During a Wednesday press briefing, Secretary of Defense Lloyd Austin and Chairman of the Joint Chiefs of Staff Gen. Mark Milley said the U.S. military presence in Afghanistan has the capability to extract some Americans in extreme circumstances, but not to gather up large groups of Americans who cannot get to the U.S.-controlled airport in Kabul after the Taliban seized near-total control of the country over the weekend.
Asked if U.S. forces would “extract” Americans not able to reach the Kabul airport for fear of being stopped or taken by the Taliban, Austin responded, “I would draw a distinction between extracting someone in an extreme condition or circumstance versus going out and collecting large numbers of American citizens.”
“We don’t have the capability to go out and collect large numbers of people,” Austin added.
Austin’s admission that U.S. troops have no plan for large-scale evacuation efforts outside the Kabul airport perimeter comes after reports the Taliban have set up checkpoints around the country and blocked access to the Kabul airport, in some cases beating and whipping people attempting to get through.
In a Wednesday advisory, the U.S. Embassy in Kabul said, “The United States government cannot ensure safe passage to the Hamid Karzai International Airport.”
Rather than having U.S. forces retrieve Americans, the U.S. State Department is relying on the assurances of the Taliban that they will let Americans through.
“The State Department is working with the Taliban to facilitate safe passage of American citizens – U.S. Passport holders,” Milley said.
Austin said, “We will continue to coordinate and deconflict with the Taliban to make sure those people that need to get to the airfield have the right credentials to ensure passage. The Taliban has been checking those credentials. If they have them, they’ve allowed them to pass.”
Austin also said “The forces that we have are focused on security at the airfield. I don’t want to detract from that. I don’t want to do anything to make the airfield less safe.”
“We’re going to do everything we can to continue to try to deconflict and create passageways for them to get to the airfield,” Austin said. “I don’t have the capability to go out and extend operations currently into Kabul.”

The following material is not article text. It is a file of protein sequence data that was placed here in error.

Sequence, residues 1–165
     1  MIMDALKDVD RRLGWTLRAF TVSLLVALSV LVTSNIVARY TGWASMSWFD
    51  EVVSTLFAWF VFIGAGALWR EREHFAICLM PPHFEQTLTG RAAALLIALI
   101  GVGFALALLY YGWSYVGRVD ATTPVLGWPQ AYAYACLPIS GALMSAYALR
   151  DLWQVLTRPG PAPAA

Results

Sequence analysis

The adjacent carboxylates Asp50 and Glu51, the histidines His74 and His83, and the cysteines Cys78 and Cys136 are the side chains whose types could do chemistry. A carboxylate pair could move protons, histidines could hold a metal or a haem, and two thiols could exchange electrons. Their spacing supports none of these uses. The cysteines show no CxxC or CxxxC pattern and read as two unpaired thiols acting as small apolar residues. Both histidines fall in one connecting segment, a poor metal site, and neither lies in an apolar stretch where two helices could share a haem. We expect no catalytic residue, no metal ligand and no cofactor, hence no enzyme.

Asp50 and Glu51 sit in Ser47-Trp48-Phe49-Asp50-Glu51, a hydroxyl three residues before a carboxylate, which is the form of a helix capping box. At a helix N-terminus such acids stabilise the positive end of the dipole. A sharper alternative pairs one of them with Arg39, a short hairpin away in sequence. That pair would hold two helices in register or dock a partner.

The U.S. Embassy’s advisory said, “U.S. government-provided flights are departing. U.S. citizens, [Lawful Permanent Residents], and their spouses and unmarried children (under age 21) should consider traveling to Hamid Karzai International Airport. You should plan to enter the airport at Camp Sullivan. From the HKIA Airport South Traffic Circle, head east for 1km and turn right on to Camp Sullivan. Please note that gates may change frequently and that we will provide updates as necessary.”
Milley said the U.S. military intends to evacuate “all American citizens who want to get out of Afghanistan.” Milley also said U.S. forces will evacuate “those who have been supporting us for years and we’re not going to leave them behind, and we will get out as many as possible.”
In his remarks, Milley said he had previously indicated scenarios in Afghanistan ranged anywhere from a negotiated settlement between the Taliban and the U.S.-backed Afghan government to a civil war or a complete collapse of the Afghan government. Milley said predictions for a collapse of the Afghan government ranged anywhere from weeks to months or years. Milley said “there was nothing that I or anyone else saw that indicated a collapse of this Army and this government in 11 days.”
White House Press Secretary Jen Psaki told reporters on Tuesday that 11,000 U.S. citizens self-reported to the State Department still in Afghanistan, however, national security officials told Senate aides on Tuesday that there are as many as 15,000 U.S. citizens left in the country, according to The Washington Post.
On Wednesday, Austin and Milley said about 5,000 people have been evacuated since the start of the airport evacuation operations on Sunday. Milley said the evacuation operations are currently averaging about 20 evacuation sorties every 24 hours but the military could increase that throughput as the State Department processes evacuees.